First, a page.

Al Alawi says the business model is proving successful, based on traffic figures since the Covid-19 crisis ended. After performing strongly in cargo during the pandemic, Gulf Air’s passenger traffic rebounded strongly from February this year, reaching a load factor of more than 85% during the summer. “We saw that people just wanted to travel again,” says Al Alawi, who rejoined Gulf Air in 2017 after 18 years with the Bahrain Royal Flight.

A major factor behind Al Alawi’s confidence in Gulf Air’s future is Bahrain’s impressive new airport terminal, which opened in January 2021 after almost five years of construction. It replaced a now demolished rather tired and congested 1970s predecessor, which was operating pre-pandemic at more than twice its original design capacity of four million passengers. The new building is more than four times its size.

With Gulf Air representing about 60% of traffic at the airport, it has allowed the airline to improve its service to passengers, especially frequent flyers. Its Falcon lounge is three times bigger than the facility in the old terminal, and includes an outdoor terrace. There is room for 400 passengers at any time. With four times as many air bridge gates, Gulf Air is unlikely to have to bus passengers to stands – a regular occurrence at the former terminal. There is also much more room at check-in, security and baggage reclaim.

On 28 January last year, Gulf Air operated the first flight from the new terminal, an Airbus A320neo to New Delhi, and – a few hours earlier – the final flight from its predecessor, to Dubai and using the same type. A Gulf Air Boeing 787-9 from Lahore was also the first to land at the new facility.


Gulf Air is in the final stages of a massive fleet revamp, having replaced its ageing A330s with Boeing 787-9s – it has seven in service with three on order – and its A320ceo family aircraft with CFM Leap-powered A320neos and A321LRs. It currently has four A321LRs and six A320neos. A further eight and 11 respectively are due to be delivered by 2027. It is phasing out its remaining 16 older generation A320 family aircraft.

Gulf Air 787-9 c KITTIKUN YOKSAP Shutterstock

Source: KITTIKUN YOKSAP Shutterstock

The airline has been replacing ageing Airbus A330s with Boeing 787-9s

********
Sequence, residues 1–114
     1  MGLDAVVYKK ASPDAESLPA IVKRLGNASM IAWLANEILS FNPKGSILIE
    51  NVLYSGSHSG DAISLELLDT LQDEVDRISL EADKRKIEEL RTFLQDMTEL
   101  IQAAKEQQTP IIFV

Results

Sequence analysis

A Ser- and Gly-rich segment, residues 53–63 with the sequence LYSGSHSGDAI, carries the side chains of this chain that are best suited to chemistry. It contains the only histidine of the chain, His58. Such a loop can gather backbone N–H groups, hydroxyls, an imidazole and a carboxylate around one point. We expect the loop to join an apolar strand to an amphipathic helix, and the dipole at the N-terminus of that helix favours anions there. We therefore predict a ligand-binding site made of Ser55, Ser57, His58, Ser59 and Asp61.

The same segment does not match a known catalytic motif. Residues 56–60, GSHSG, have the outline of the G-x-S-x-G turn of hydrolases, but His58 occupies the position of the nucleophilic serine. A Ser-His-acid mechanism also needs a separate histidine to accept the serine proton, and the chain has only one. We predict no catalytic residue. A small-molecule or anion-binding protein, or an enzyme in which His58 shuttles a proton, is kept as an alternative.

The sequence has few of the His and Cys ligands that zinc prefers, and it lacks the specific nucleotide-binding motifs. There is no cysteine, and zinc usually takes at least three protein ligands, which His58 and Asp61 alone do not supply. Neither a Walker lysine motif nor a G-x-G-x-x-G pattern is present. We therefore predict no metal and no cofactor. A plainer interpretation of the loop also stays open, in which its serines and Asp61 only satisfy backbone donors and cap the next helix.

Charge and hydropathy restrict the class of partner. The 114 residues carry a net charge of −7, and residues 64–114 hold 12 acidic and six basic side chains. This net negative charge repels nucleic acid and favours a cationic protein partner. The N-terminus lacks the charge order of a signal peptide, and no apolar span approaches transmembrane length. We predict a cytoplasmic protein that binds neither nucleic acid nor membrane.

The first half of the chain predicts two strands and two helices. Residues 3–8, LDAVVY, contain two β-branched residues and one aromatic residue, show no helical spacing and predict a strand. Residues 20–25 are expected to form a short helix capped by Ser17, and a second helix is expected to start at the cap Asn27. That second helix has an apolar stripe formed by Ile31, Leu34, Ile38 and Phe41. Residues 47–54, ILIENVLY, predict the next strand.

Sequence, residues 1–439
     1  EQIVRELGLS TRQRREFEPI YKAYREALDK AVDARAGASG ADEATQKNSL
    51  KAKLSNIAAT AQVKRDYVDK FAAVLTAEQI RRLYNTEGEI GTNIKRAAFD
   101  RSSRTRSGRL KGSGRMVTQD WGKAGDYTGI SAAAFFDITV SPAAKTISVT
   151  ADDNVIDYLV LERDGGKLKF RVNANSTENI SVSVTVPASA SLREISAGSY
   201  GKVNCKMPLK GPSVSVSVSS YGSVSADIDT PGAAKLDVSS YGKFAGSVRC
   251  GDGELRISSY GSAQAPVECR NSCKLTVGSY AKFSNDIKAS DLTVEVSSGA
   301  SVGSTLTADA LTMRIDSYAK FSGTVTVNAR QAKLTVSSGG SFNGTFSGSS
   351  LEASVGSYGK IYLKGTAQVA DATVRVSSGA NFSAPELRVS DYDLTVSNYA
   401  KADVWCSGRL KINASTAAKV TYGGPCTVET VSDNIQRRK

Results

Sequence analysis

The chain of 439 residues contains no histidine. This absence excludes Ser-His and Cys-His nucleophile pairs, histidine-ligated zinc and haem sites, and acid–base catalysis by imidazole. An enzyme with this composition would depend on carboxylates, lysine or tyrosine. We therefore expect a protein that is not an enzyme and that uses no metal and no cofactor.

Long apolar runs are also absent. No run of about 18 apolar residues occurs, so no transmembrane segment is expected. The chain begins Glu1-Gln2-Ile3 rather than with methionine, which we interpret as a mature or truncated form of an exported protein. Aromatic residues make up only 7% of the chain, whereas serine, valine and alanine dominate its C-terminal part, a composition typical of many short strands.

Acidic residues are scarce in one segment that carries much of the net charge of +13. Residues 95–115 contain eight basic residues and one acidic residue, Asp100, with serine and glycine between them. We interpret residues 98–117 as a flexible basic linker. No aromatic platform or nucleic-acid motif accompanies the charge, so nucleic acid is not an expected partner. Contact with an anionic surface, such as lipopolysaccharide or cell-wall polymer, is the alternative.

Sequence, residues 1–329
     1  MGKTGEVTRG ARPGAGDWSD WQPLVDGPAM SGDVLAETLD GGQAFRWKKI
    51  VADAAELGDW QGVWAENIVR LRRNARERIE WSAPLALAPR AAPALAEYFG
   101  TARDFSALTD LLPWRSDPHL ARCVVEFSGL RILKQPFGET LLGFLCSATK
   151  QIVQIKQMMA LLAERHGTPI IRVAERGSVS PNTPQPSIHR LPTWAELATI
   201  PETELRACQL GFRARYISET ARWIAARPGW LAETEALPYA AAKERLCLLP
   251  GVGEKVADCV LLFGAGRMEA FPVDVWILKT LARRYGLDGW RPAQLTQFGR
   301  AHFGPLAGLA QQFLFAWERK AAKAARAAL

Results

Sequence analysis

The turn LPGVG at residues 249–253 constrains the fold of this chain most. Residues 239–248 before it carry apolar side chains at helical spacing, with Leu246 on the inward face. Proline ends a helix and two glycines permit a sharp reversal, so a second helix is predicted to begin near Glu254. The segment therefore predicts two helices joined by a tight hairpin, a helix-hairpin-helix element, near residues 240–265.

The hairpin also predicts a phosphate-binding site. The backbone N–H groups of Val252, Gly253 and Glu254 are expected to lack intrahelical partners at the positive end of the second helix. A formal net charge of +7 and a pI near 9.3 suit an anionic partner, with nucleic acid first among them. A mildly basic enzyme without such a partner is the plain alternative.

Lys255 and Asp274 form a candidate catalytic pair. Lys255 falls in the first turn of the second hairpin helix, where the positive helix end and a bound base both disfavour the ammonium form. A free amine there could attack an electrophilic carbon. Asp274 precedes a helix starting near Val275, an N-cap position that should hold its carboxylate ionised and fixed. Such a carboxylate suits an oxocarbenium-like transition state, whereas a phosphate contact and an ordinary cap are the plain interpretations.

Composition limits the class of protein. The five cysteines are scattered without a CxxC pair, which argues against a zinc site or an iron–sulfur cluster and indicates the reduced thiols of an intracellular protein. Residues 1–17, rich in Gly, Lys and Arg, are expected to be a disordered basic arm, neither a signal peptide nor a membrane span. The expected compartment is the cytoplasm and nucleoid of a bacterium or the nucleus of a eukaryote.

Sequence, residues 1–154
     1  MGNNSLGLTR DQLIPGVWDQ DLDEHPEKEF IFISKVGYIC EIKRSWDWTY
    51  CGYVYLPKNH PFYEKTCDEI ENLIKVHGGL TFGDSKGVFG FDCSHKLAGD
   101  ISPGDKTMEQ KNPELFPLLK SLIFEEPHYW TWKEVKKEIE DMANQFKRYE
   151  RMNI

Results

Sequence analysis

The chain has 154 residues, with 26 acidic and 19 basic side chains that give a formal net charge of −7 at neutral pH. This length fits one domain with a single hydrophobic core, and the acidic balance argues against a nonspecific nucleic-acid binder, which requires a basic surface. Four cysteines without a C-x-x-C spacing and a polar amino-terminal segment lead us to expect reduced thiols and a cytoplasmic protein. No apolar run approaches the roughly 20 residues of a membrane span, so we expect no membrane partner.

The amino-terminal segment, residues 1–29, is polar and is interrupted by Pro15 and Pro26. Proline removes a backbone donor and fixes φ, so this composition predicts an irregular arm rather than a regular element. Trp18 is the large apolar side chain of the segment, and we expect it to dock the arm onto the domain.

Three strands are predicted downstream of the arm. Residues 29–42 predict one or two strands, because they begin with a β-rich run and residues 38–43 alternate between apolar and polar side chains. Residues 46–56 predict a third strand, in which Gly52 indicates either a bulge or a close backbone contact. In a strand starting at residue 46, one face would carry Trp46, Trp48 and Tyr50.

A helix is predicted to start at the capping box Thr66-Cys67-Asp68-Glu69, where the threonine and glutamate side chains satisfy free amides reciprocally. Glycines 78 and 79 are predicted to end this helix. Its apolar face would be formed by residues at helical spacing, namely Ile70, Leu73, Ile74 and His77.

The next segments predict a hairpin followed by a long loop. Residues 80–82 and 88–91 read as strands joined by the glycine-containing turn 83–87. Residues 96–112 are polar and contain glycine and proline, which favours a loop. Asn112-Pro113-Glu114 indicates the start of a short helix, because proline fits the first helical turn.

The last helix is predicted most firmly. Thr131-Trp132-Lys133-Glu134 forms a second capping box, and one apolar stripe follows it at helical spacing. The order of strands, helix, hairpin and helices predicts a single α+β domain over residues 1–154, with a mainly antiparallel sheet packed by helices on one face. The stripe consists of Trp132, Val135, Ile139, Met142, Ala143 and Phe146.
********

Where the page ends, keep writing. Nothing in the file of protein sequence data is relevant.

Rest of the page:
Al Alawi describes the A321LRs in particular as “an amazing product” with 16 full lie-flat seats in business, as well as 150 in economy, that allow the airline to operate the narrowbody on mid-haul routes to the likes of Frankfurt, the Maldives, Milan, Nice, Paris and Rome. Its A320neos are configured with 136 or 150 seats, with a higher density 196-seat version to join the fleet. Although Gulf Air unveiled a new brand identity at the Bahrain Grand Prix in 2018, one of the A321s and a 787 will retain a legacy livery to “connect us to our heritage”, says Al Alawi.

He is proud of the fact the airline did not stop during the pandemic, repatriating foreign citizens stranded when their original carrier stopped flying, and operating all-cargo and humanitarian services, including collecting personal protective equipment (PPE) from China. “The repatriation flights put us on the map as an airline that looked after people. Countries thanked us,” says Al Alawi.

The fact that Bahrain is dependent on imports for almost all of its food was another reason Gulf Air had to continue flying, converting some of its aircraft to “preighters” by removing seats from the main cabin. Even the causeway linking the island nation to Saudi Arabia was shut for a while, preventing trucks crossing. “We helped Bahrain import six months of food supplies,” says Al Alawi.

One time, near the start of the pandemic, Al Alawi – who began his career with Gulf Air as a cadet pilot in 1980 before becoming a training captain – joined three other volunteer pilots and a team of cabin attendants to fly to China to collect PPE. With no local handlers to help, Al Alawi and his makeshift crew spent four and a half hours loading the 787 themselves, before returning to Bahrain.

He says the episode epitomised the team spirit of his staff, and the status of Gulf Air in Bahrain’s social fabric. “The whole mission took almost 24 hours,” he recalls. “But, for me, it was a case of leading by example. It showed that, as well as being a boutique airline, we are an airline that looks after our nation.”